Party Time in the Barrio del Pilar

The twelfth of October is an important date in Spain — a national holiday in honour of la Virgen del Pilar (The Virgin of the Pillar). Each city, town and village has its own distinctive statue of the Virgin Mary to which are ascribed miraculous properties and which are in turn venerated according to local custom and tradition. Madrid has a number of Virgins — la Virgen del Almudena, la Virgen de Atocha — as do other large cities such as Seville or Barcelona, but it is Zaragoza’s Virgin, la Virgen del Pilar, that has gained national and international prominence (she is the Patron Saint of “Hispanidad” — Hispanicity). The Virgin of the Pillar’s story is quite intriguing and has its origins in the very beginnings of Christianity. (If you want a less formal, bar-room discussion of the Virgin, see my book, the Grotto!)

Español: Francisco de Goya, El apóstol Santiag...

Francisco de Goya, The Apostle, Saint James, and his disciples worshiping the Virgin of the Pillar, 1775-1780, 107 x 80 (Photo credit: Wikipedia)

In the year 40 AD the Virgin Mary (as a mortal, pre-Assumption) appeared to St. James in the Aragonese city of Zaragoza (then Caesaraugusta, an important outpost of Roman rule in Hispania). As evidence of her apparition, she left behind a column of jasper — the Pillar (el Pilar). Whatever about the truth of its origins, the Pillar (1.7 m high and 24 cm in diameter) seems to have been an object of devotion from the very earliest Christian times, forming the centerpiece of a series of ever more elaborate chapels and churches until the current massive cathedral was completed in the seventeenth century (although bits and bobs were added to it well into the twentieth century). Legend states the Pillar has never been moved from its original spot. The late gothic statue that currently sits atop the Pillar dates from 1435 and is attributed to one Juan de la Huerta. The Virgin is crowed and wears a long tunic and cloak and rests in a specially-constructed chapel in the cathedral. On the second, twelfth and twentieth of each month the cloak is raised, allowing devotees to see the full Pillar. On the twelfth of October, the Virgin is the protagonist in a number of ceremonies and traditions, including the Offering of Flowers, a pontifical mass, the Offering of Fruits and the unique and celebrated Procession of the Glass Rosary, which winds its way through Zaragoza at night.

View from the big wheel, Fiestas del Barrio del Pilar, 2013.

View from the big wheel, Fiestas del Barrio del Pilar, 2013.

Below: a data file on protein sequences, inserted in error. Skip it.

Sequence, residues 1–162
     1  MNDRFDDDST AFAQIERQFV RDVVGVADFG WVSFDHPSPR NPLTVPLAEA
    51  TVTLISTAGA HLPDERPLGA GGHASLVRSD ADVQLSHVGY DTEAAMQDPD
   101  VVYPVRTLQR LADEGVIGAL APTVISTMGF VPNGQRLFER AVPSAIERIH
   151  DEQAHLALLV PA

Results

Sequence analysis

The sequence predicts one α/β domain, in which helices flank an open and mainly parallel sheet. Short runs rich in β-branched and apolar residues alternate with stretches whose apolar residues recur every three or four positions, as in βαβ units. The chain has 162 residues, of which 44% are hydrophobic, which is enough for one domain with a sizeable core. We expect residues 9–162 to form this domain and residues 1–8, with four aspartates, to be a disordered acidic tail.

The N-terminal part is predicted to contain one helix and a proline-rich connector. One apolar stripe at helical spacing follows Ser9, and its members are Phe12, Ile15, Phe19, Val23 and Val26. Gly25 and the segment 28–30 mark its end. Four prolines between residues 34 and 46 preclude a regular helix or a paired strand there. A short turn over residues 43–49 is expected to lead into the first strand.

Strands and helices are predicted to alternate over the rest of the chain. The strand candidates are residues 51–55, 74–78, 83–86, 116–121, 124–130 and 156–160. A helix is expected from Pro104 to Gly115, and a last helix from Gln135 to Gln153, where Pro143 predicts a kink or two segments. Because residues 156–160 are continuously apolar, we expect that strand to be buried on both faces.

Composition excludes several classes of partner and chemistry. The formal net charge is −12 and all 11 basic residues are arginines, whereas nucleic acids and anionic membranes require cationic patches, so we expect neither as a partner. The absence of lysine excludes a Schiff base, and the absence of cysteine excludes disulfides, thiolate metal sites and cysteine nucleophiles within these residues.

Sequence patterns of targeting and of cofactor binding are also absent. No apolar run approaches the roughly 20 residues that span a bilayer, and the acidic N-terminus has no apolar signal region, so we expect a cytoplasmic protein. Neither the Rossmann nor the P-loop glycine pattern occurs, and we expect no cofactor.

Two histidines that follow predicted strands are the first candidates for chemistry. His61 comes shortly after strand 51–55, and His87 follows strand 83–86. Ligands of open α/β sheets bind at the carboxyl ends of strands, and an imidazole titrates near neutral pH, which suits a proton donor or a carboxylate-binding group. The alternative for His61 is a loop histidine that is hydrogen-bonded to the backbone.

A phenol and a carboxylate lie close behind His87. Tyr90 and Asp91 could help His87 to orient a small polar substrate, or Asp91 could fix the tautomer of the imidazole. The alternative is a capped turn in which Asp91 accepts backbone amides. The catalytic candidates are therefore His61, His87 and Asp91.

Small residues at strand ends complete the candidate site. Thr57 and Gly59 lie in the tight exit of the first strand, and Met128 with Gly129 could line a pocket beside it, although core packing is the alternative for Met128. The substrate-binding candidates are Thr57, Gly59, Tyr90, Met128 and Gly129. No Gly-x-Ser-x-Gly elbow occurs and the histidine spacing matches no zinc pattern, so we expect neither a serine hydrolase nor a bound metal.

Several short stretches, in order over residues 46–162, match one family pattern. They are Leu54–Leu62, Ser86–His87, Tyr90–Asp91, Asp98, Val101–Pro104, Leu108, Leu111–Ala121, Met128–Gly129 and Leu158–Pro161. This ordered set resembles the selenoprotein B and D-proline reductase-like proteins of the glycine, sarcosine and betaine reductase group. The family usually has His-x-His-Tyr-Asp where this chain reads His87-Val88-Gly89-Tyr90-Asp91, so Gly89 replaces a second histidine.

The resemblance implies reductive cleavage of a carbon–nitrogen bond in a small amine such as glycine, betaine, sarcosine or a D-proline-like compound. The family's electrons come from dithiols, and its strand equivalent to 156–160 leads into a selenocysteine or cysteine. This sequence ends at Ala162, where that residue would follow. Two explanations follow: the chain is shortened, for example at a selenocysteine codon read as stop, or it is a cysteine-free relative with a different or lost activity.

In Madrid, I happen to live in a neighbourhood called the “Barrio del Pilar” — the neighbourhood of the Pillar — dedicated to the Virgen del Pilar. From the first weekend of October until the weekend after the twelfth it’s party time here! One long street is closed off and becomes taken over by carnies, hawkers and food stalls of every description.

Fiestas del Barrio del Pilar, 2013.

Fiestas del Barrio del Pilar, 2013.

We have a big wheel, bumper cars and all sorts of other amusements. There’s the smell of fried chorizo and chistorra floating on the breeze. Popcorn, candyfloss, roast chestnuts, beer, sangria and patatas bravas are only a few steps to the nearest stall away. From early evening until late at night crowds flock to the fiestas, which culminate in a series of concerts and a fireworks display.

Mojito Stall, Barrio del Pilar.

Mojito Stall, Barrio del Pilar.

Those of a religious persuasion can take part in the events centred around the many churches in the neighbourhood and, in the chill of the October nightfall, it really feels like the fiestas are the last hurray of the summer. From here on in the weather will get cooler, the leaves start to turn and we’ll see an end to the long, balmy evenings we’ve enjoyed heretofore. So we’ll cherish the party while it lasts and save a thought for the Pillar of jasper in Zaragoza, in whose honour the whole shebang is.

Waiting for the party to start.

Waiting for the party to start.

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About ucronin

Born in the country town of Ennis, Co. Clare, Ireland in 1975, I now live in Madrid with my partner and two young daughters and work in a research institute. While I was always a hungry reader and harboured vague notions of being a writer, as a young man writing was the furthest thing from my mind; after leaving school, I did a B.Sc. in Biotechnology in Galway's NUI, an M.Sc. in Plant Science in University College Cork and a Ph.D. in Microbiology in the University of Limerick, the plan being to dedicate my professional career to scientific research. While having written extensively within my technical scientific field, I had never contemplated becoming a writer of fiction until a road-to-Damascus moment on the N69 between Listowel and Tarbert, Co. Kerry in the summer of 2011. Since then, most of my spare time has been occupied with writing. In whatever other free moments I have, I like to listen to music, play the guitar and garden (which here in Madrid means a lot of watering of plants and spraying for red spider mite). My ambition is to become as good a writer as I possibly can, eventually freeing myself from the cold clutches of science and earning a living through my scribblings. The type of writing that excites me is honest, intelligent, well-constructed and richly descriptive.
This entry was posted in Food and Drink, History, Madrid, Moving Statues, Spain, The Grotto, Tourism Spain and tagged , , , , , , . Bookmark the permalink.

One Response to Party Time in the Barrio del Pilar

  1. Sounds like a pretty fun shindig to attend! Thanks sharing!

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